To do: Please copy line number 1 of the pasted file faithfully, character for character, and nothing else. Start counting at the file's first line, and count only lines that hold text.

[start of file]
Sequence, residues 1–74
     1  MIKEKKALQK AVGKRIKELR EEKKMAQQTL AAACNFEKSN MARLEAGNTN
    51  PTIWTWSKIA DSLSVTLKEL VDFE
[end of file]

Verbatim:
Sequence, residues 1–74